MAY 15, 1996

Mr. Chairman and Members of the Committee:

Good Morning. I thank the Committee for permitting me to substitute for our acting chairman, John E. Tull, Jr., who was previously scheduled to testify this morning before the Senate Agriculture Committee, one of the Commission's authorizing Committees. This Committee has requested the Commodity Futures Trading Commission ("Commission" or "CFTC") to testify on H.R. 3078, the "Federal Agency Anti-Lobbying Act." H.R. 3078 would establish a civil prohibition on the use of appropriated funds by federal agencies for lobbying purposes. The bill is designed to assure that these funds are not used to organize efforts to affect the outcome of Congressional action. Under the bill, virtually any communication by a federal agency intended to promote public support for, or opposition to, pending legislation would be prohibited.

There are exceptions to the prohibition in H.R. 3078. The President and the Vice President would be exempt from the bill's prohibition. In addition, the bill is not intended to prohibit federal employees from communicating with members of Congress or their staffs in order to request legislation or appropriations or to respond to a request for information or technical assistance made by members or their staff. Nor would the bill prohibit Presidential appointees confirmed by the Senate from communicating with the public on the views of the President for or against any pending legislation. However, these appointees would not be permitted to delegate to others, such as career civil servants, the authority to make communications to the public intended to influence legislation.

The bill also provides that, in exercising his authority to investigate the use of appropriated funds, the Comptroller General would be authorized to enlist the assistance of the Inspector General at the agency undergoing review. In addition, the Comptroller would report to Congress in one year on the implementation of the bill and annually to summarize the investigations he has undertaken with respect to the bill's prohibition.

Like many other federal agencies, the Commission has not promulgated its own separate anti-lobbying regulations but instead has looked to the guidelines prepared by the Department of Justice's Office of Legal Counsel on 18 U.S.C. 1913 ("Section 1913"), the criminal restriction on the use of public funds for lobbying, for guidance in this area. The Commission also understands that several appropriations acts passed by this and prior Congresses contain prohibitions on the use of appropriated funds for lobbying purposes which are similar to those imposed by Section 1913.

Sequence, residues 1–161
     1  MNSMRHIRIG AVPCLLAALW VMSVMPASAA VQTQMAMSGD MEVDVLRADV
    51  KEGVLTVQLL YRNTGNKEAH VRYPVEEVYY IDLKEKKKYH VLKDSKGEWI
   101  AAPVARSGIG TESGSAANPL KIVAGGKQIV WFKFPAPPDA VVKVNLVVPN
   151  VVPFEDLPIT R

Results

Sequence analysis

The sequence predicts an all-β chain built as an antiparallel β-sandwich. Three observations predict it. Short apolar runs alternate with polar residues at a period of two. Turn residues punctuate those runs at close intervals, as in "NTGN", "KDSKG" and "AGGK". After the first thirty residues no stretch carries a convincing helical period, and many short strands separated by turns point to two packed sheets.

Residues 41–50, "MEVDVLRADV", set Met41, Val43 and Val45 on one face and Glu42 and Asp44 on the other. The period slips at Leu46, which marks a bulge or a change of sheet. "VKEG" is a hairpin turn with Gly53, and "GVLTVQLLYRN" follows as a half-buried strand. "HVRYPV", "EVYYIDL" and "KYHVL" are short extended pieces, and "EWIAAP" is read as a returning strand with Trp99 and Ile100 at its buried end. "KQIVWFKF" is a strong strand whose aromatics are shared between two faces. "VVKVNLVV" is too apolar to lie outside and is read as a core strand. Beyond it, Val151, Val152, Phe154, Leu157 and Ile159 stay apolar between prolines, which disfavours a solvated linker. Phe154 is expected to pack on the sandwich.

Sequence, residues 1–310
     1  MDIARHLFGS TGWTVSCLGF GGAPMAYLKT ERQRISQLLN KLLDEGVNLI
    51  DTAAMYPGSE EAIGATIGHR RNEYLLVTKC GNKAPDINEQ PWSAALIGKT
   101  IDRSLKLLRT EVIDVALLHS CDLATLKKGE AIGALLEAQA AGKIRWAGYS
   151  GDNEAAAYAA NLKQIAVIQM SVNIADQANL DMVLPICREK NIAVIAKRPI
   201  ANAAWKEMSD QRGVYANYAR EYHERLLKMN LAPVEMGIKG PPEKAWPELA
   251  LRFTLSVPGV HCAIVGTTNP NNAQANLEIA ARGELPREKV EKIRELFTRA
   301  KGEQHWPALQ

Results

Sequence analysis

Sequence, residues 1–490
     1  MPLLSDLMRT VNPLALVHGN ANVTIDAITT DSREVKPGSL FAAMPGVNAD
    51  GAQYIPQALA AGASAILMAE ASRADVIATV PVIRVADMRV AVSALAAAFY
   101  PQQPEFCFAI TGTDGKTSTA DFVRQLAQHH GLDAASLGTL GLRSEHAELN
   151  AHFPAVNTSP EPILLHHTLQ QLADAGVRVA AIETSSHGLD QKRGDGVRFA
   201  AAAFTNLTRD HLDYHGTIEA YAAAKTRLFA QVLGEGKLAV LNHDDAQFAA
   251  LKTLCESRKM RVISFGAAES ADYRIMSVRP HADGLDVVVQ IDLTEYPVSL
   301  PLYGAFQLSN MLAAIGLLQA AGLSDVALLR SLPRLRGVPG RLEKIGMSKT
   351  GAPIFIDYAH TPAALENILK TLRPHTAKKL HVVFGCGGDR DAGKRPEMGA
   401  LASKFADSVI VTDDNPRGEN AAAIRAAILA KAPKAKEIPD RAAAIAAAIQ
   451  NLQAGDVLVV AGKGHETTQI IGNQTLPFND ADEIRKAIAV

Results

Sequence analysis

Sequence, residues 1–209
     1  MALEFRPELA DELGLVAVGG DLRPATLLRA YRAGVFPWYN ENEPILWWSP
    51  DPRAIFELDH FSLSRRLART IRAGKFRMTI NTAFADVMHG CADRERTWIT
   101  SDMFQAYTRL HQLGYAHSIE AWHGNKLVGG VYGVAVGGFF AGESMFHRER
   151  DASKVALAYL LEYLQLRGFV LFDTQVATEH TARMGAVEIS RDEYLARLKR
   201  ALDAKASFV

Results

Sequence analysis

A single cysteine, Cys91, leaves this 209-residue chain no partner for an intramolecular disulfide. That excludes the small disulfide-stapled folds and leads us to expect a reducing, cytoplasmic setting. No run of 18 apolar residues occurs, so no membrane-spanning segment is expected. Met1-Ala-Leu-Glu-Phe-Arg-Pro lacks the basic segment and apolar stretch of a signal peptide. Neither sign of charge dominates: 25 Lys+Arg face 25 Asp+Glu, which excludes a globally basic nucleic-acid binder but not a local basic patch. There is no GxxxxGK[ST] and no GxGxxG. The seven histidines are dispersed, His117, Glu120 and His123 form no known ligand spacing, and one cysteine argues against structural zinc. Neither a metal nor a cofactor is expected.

In view of the serious constitutional issues raised by the Department of Justice with respect to H.R. 3078, the Commission is unable to support passage of the bill. Moreover, H.R. 3078 also raises policy concerns for the Commission. As an independent agency led by a five-person, bipartisan commission, we believe that the exception found in subsection (b)(3) for Presidential appointees confirmed by the Senate is too narrow. This exception would only allow these appointees ". . . [to] communicat[e] with the American public, through radio, television, or other public communication media, on the views of the President for or against any pending legislative proposal."

The Commission believes that appointees should be allowed to express their views on legislative proposals within their area of responsibility using any form of communication media, and even where the President has not taken a position on a bill. It is particularly important for all members of bipartisan commissions across the Federal Government to be able to speak publicly about the important issues before their agencies. The narrow exception in H.R. 3078 would prohibit Presidential appointees serving on commissions who were not appointed by the current President, or who are asked to comment on issues for which the current President has not yet publicly announced a position, from commenting on matters within their own area of responsibility. This would hinder independent regulatory agencies like the Commission whose policies are developed by appointees from different political parties. Also, the many complex technical issues with which we deal, and which primarily affect our regulatees, may not routinely be the subject of Presidential pronouncements.

For example, several years ago, there were pending before the House and Senate differing versions of bills reauthorizing appropriations for the Commission and making substantive amendments to its organic statute, the Commodity Exchange Act. CFTC Commissioners should be free to use government resources to prepare a speech for delivery to an industry trade association expressing their views, or the agency's views, on the relative merits of differing bills of this type.

The Commission also has a concern with respect to the "intent" standard of the prohibition. Arguably, an employee who furnishes copies of an agency's otherwise permissible views on legislation to the public might fall within the prohibition. For example, it should not be deemed a violation if, pursuant to a Freedom of Information Act request or other form of request, an agency employee provides copies of a Chairman's testimony given at a Congressional hearing summarizing the agency's views on pending legislation.

Thank you for the opportunity to testify today. I would be pleased to answer any questions you may have.